Journey from self-help to self-love

I have an embarrassing confession to make, I used to be a self-help junkie. This is how naive I was; I actually believed these books were written by people who knew the secret to life. I thought they were providing a service to the public. It took me years to realise they were selling me a product. The promise of a better life, a new and improved me.

Don’t get me wrong, I’m not bashing self-help books. There are many wise authors who have written wonderful books that help but there’s also a lot of trash out there masquerading as help. There’s always a flip side to everything.

I look back now and see how I developed this addiction. I compared myself to others, all my friends and colleagues were smarter, prettier, more talented and accomplished. I thought there was something wrong with me. The irony is that that was wrong with me was believing that there was something wrong with me.

Then one day I heard the still small voice within. During meditation I received the idea to thank myself periodically throughout the day for every little mundane thing I did. For having a shower, doing the laundry, exercising, cleaning the dishes, paying the bills, meditating etc. Seems a bit silly doesn’t it to thank yourself for having a shower. But who else, if not you, is going thank you for taking good care of yourself.

After practising it for a couple of months I discovered this simple little exercise, that only takes a few minutes a day was extremely powerful. I no longer focused on what I didn’t do or what I had done wrong, in short, I stopped criticising myself. Over a short period of time I became more grateful, self-loving and motivated. I found out, that when you give yourself appreciation on a regular basis your inner self shines and is eager to do more. The added bonus, you no longer seek approval from others or spend all of your money on books.

May all beings be helped!


Photo Credit: Amy Treasure via Unsplash


22 thoughts on “Journey from self-help to self-love

  1. Exactly!! I’ve come to the same conclusion after having been sucked into the addiction. 12 years of intense Zen and Yoga practice. Thousands of dollars in retreats, workshops, books, videos. One day I asked myself if I had noticed a change in myself to justify all this time, money and effort. Nope. I did gain more knowledge about this self-help business, but I was the same as 12 years ago. I simply had a nice expensive hobby. I could have taken up woodcarving or photography and been better off. Ya, I too was a self-help junkie. Should start a support group, like AA.

    Liked by 2 people

  2. I’m pretty confident that I could write a self help book, then create a set help program, and become an expert. I’ve read enough of the various self help books to know what to say, what to write. Heck, you could be my co-author or even write your own and we could cross market to each other’s followers. We would be unstoppable.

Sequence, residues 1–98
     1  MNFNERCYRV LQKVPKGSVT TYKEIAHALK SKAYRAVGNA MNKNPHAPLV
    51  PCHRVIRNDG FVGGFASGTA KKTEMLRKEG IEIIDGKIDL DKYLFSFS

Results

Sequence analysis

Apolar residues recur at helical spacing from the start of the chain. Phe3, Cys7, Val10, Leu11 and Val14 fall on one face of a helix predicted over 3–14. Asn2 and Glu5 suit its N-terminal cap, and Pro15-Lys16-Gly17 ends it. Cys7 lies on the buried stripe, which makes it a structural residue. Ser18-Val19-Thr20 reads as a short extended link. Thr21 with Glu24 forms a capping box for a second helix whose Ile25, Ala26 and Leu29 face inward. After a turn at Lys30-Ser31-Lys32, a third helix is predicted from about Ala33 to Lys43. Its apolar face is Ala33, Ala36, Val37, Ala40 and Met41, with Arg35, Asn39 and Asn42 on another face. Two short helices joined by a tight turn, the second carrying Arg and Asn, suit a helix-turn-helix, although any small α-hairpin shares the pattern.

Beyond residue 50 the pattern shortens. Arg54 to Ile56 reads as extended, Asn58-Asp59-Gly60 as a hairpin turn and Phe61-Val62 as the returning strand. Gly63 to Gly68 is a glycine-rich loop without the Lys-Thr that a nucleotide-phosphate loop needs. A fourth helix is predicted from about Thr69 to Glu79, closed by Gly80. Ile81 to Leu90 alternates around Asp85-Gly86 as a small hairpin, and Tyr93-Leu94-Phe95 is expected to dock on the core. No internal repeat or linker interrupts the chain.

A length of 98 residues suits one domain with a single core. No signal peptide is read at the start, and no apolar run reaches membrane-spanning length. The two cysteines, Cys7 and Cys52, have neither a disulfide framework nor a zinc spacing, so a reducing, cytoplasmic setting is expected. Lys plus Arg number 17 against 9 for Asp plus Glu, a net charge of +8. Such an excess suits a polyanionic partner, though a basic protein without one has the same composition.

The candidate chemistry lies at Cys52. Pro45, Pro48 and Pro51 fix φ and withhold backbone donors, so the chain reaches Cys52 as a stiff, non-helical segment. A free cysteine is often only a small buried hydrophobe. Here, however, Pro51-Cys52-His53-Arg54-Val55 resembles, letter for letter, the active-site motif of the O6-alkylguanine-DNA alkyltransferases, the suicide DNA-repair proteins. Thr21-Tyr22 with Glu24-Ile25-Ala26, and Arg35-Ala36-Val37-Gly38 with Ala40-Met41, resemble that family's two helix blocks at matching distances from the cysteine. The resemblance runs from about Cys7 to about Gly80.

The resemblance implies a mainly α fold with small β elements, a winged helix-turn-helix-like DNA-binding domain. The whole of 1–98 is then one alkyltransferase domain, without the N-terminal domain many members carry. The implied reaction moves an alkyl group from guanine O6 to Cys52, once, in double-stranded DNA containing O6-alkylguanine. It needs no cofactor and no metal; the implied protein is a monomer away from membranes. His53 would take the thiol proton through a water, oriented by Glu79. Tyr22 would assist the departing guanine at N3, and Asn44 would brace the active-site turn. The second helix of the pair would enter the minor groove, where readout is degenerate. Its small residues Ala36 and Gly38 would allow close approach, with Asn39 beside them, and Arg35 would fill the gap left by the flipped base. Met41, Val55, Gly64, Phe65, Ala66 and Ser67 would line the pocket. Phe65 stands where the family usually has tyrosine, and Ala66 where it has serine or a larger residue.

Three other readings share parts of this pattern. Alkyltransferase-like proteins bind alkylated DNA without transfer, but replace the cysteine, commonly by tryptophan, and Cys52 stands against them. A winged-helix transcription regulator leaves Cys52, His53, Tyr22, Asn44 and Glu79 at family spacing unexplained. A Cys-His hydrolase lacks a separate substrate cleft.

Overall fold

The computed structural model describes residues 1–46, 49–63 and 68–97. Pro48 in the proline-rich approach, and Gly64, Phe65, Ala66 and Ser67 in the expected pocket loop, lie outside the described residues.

Liked by 1 person

  3. I think this is an awesome idea: from self-help to self-love! Ultimately, many of the messages in self-help books ultimately boil down to self-love. A commitment to “Self-Help” makes it so that we may be addicted to feelings of fear and lack, whereas a commitment to “Self-Love” assures us that we have all we need inside already. I will admit I love a lot of self-help books and authors, but I view them more from the “love” than “help” perspective. Thanks for this idea! 🌟


  4. Wouldn’t it be amazing if the children of our world were guided to love themselves. Imagine what a world it would be!

    Self-love is where it all begins on the journey of self-discovery. It opens up everything. Enjoyable blog BM~ 🙂 I look forward to future posts.

    Liked by 1 person

    1. Thank you Mark. Yes it would be wonderful and it’s even a realistic possibility if you teach them when they’re very young. I was a teenager when I read my first self-help book that talked about the importance of self love but I was too immature to grasp the significance of what I was reading. Better late than never hey!


  5. I think my first ‘self-help’ book was a little book from the offerings at a cash register at Safeway when I was seven years old. It was on meditation and I loved it even though it was “how-to” form oriented.

    As a young teenager I read Napoleon Hill and Anthony Robbins and many others which were interesting but I didn’t get much out of that whole genre really. Eventually I read thousands of books, searching, exploring, always looking for that elusive something I was trying to connect with and remember.

    But it wasn’t in a book where I found what I was looking for. And it wasn’t in any teaching. It was within me. It was me. I was using books as a way not to connect with myself. As a waiting period (that lasted for many years). They only pointed to a direction, and most didn’t even do that. Books can only go so far in what they give to us. And that is why I kept my book Ayama’s Journey short and used a story to communicate what I wanted to express and share with the world. Years ago I gave away all of my books and only read for pleasure now 🙂

    And you are right, if we are not ready then something or someone amazing or profound could be standing right in front of us and we wouldn’t even see that. When we are ready and choose, it all begins.

    Liked by 1 person

  6. Thank you for this confession! It’s a great read because I can so empathize. It’s ironic how being ourselves is the first thing we do as a human but one of the hardest things to accept. So many of us systematically reject ourselves and constantly feel the need to ‘be better’.

    Liked by 1 person

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